Kibera is changing, and changing fast. New roads, water, sewerage and power lines have emerged over the last few months; these networks underpin new health centers, toilet blocks, water kiosks, fish farms and urban agriculture plots. For the first time people can easily catch a matatu or boda into the heart of Kibera to get from work to home, or bring supplies to their businesses.
Much of the work is being driven by the Ministry of Devolution and Planning and implemented by the National Youth Service, whose green uniforms and vehicles have become a dynamic fixture in the settlement. Progress has been swift and and the new infrastructure has spurred new business and economic opportunity. While the changes have mostly been accepted by Kibera residents, some tensions and questions remain. Will the impacts and benefits be spread equally between different residents and groups? Enabling dialogue, particularly with youth groups who feel strongly about the changes they’re seeing, is an area that our colleague Ibrahim Maina is working on extensively this year.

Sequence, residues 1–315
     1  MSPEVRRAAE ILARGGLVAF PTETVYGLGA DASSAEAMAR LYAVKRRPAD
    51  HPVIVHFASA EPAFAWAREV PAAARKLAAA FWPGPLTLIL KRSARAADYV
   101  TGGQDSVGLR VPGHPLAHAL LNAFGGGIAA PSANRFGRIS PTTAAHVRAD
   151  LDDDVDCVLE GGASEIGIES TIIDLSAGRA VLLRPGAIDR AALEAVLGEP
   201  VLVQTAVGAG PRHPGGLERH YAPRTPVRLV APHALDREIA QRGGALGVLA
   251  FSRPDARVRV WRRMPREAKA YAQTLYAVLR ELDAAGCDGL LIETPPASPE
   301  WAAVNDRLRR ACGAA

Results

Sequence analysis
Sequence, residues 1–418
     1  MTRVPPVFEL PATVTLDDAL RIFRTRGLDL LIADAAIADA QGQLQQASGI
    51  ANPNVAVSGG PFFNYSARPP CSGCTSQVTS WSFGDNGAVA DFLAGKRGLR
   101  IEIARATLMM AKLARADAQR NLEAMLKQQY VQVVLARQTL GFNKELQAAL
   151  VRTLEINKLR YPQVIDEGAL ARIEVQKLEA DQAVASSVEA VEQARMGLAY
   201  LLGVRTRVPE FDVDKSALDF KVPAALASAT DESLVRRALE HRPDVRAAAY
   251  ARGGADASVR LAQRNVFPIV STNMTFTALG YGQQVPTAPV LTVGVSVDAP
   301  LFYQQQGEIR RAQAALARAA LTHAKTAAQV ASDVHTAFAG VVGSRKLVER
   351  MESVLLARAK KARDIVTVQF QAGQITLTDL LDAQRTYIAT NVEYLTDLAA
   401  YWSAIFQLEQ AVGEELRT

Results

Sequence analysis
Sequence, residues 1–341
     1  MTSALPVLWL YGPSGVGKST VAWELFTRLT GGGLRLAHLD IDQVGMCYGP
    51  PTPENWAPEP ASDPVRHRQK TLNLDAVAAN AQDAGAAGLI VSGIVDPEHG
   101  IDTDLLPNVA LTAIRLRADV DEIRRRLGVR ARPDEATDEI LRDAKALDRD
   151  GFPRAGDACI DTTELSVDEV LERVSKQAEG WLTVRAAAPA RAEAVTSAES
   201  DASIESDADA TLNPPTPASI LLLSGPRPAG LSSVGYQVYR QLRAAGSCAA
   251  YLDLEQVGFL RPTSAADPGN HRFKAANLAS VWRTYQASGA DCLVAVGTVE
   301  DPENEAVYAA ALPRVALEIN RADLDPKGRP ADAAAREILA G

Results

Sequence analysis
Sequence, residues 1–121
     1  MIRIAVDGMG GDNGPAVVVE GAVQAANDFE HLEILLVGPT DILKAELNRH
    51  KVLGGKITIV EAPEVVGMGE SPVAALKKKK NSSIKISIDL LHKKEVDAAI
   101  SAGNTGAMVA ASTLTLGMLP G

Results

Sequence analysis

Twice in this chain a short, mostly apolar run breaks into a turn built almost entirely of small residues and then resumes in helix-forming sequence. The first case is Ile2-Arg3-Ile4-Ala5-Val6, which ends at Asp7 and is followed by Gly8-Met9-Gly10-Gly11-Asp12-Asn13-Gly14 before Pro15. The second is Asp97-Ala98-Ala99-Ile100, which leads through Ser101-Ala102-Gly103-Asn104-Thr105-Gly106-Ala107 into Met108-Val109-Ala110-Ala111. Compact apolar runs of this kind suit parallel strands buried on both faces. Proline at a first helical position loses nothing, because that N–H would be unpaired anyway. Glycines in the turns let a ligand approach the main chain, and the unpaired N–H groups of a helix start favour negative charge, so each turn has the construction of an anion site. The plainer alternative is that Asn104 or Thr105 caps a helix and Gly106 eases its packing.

In the blogs to follow we will explore the wider physical, economic and social changes in Kibera, as well as how KDI’s physical and community projects on public space, infrastructure and resilience can help shape a positive and inclusive future of the settlement.
The first blog on the the new sewerage trunk line that is snaking its way up the Ngong River will follow directly… stay tuned!
The KDI Kenya Team
Images: diggers, roads, NYS machinery